Research Projects

  • 2016-2021   Quantifying Vegetation Stress from the Leaf to Landscape Scale: Integrating Lab/Field Observations, Radiative Transfer Modelling, and UAV Hyperspectral Imaging System
    The objective of this NSERC Discovery funded program is to further the understanding of why and how vegetation stress induces spectral changes in Canadian grasslands and forests, particularly in response to altering climate conditions and intensified ecological disturbances. Deriving information on the major vegetation disturbance events is a high priority, given the lack of available data, ecosystem susceptibility to impact, and the magnitude of the potential impact downstream.
     
  • 2011-2016    Remote sensing of Canadian grasslands: using vegetation biochemistry to monitor grassland health 
    NSERC Discovery and Early Career Researcher Supplement funded project to explore and develop cutting-edge remote sensing methods to estimate spatially-explicit grassland biochemical properties at multiple spatial scales. These methods are essential for further work in carbon sequestration, climate change, ecosystem modeling and grassland ecosystem sustainability.

 

  • 2014-2020  Map trees infested by the emerald ash borer using high spatial resolution remote sensing data
    This is a project initially funded by UTM office of VP Research in 2013 and then recieved a 5-year Early Researcher Award from the provincial Ministry of Research and Innovation in 2015 to map EAB infestation in Ontario using field data, satellite images and UAV images. This work is collaborated with Credit Valley Conservation and Invasive Species Center. 

 

  • 2011-2015    Remote Sensing and Spatial Ecosystem Modeling (RSSEM) laboratory
    Funding from the Canadian Foundation for Innovation and the Ontario Research Fund to establish a laboratory that integrates remote sensing and ecosystem modeling approaches to study the vast Canadian grasslands at multiple levels (species, communities, ecosystem), spatial scales (local to regional), and dimensions (biophysical and biochemical drivers, human causes and climate drives).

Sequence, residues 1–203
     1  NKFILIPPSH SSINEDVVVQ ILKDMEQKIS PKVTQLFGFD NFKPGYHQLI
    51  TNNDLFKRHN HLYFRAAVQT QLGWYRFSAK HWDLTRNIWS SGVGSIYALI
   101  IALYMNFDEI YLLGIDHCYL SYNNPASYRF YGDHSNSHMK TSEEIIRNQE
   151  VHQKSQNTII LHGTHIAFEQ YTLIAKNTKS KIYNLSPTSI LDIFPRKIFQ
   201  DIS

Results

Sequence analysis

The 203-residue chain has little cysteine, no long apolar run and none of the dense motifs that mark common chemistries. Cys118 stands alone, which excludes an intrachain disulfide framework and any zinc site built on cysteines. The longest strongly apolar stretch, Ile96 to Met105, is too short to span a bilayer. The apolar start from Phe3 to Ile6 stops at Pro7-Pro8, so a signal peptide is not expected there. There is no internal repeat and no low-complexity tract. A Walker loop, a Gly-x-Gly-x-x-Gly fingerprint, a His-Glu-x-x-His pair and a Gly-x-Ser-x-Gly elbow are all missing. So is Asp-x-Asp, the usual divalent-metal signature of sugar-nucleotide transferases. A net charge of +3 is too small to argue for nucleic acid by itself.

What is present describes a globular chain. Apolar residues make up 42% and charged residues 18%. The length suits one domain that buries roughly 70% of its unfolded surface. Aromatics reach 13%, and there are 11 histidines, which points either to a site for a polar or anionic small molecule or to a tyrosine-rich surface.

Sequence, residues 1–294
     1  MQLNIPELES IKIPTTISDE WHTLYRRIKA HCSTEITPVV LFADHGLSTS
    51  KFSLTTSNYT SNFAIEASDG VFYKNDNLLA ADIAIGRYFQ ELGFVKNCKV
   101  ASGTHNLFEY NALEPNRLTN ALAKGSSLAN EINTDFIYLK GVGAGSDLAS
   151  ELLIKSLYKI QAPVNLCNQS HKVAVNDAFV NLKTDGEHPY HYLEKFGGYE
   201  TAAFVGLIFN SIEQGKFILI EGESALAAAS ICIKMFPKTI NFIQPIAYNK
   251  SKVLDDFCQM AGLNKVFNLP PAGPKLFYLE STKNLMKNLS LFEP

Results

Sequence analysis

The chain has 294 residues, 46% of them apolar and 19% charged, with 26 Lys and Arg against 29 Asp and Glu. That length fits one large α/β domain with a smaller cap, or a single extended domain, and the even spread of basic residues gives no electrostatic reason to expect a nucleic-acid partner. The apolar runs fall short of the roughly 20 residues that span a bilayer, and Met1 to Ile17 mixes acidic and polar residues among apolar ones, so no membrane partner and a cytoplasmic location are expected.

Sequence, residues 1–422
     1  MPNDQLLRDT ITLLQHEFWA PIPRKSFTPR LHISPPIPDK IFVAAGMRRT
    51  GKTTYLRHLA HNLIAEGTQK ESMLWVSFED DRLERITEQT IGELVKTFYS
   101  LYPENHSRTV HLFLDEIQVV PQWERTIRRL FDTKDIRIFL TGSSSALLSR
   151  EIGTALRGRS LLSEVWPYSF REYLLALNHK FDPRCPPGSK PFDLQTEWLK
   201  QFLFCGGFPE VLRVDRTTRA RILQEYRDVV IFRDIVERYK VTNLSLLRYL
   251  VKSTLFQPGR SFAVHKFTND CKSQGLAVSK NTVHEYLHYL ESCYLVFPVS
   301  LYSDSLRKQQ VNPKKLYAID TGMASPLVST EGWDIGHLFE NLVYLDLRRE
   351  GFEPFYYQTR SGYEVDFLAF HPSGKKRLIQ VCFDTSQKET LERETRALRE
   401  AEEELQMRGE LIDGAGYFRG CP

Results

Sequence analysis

• 2012-2016    Assessing forest biomass as a bioenergy feedstock: the availability and recovery of biomass in uneven-aged forests  (This is a collaborative project and PI is Prof. John Caspersen in Forestry at U of Toronto).
    The ecoEII funded project is to assess the potential for using forest biomass as feedstock for the production of bioenergy. The project builds upon preliminary work in both of these areas, including remote sensing (LiDAR) of potential biomass availability, as well as biomass harvesting trials designed to assess how much of the biomass can actually be recovered. We will also develop a model (BiOS) that will be made available to companies and agencies as part of FPInterface, a decision support tool for simulating the supply chain of forest operations. The model will help provincial agencies to better allocate wood supply to companies that can best utilize low quality wood and residues, including harvest blocks that would otherwise be passed over by companies seeking only higher quality wood.

 

  • 2011-2013    Using remote sensing to delineate and predict critical wetland habitat and modeling habitat suitability for the Blanding’s turtle (Emydoidea blandingii) in southern Ontario 
    The aim of this research is to use advanced remote sensing and spatial analysis techniques in conjunction with ecological modeling approaches to identify critical habitat characteristics for the endangered wetland-dependent Blanding’s turtle (Emydoidea blandingii). From this baseline information, further models will be developed through geospatial analysis of species’ movement in order to determine the connectivity of critical wetland and upland habitat leading to the identification of areas in need of protection, restoration or mitigation.
     
  • 2010-2012    Delineating the endangered vegetative species White Trillium (Trillium grandiflorum) and Wild leek (Allium tricoccum) using remote sensing and GIS technology in Gatineau Park 
    NCC funded project to evaluate the utility of multi-date remote sensing data for detection and mapping of endangered wild leek species in Gatineau Park in 2010.  NCC funded a second project in 2011 to explore and develop remote sensing methods to map the endangered White Trillium and to improve the accuracy of the Wild leek map from 85% to 90% in Gatineau Park, based on field survey, remote sensing data, and GIS tools.
     
  • 2010-2012    Object-based grassland biogeochemical modeling 
    ISTPCanada sub-contract from Prof. Xulin Guo (Geography, U of Saskatchewan) to establish an object-based grassland biogeochemical model and to test the model at different sites in Canadian grasslans.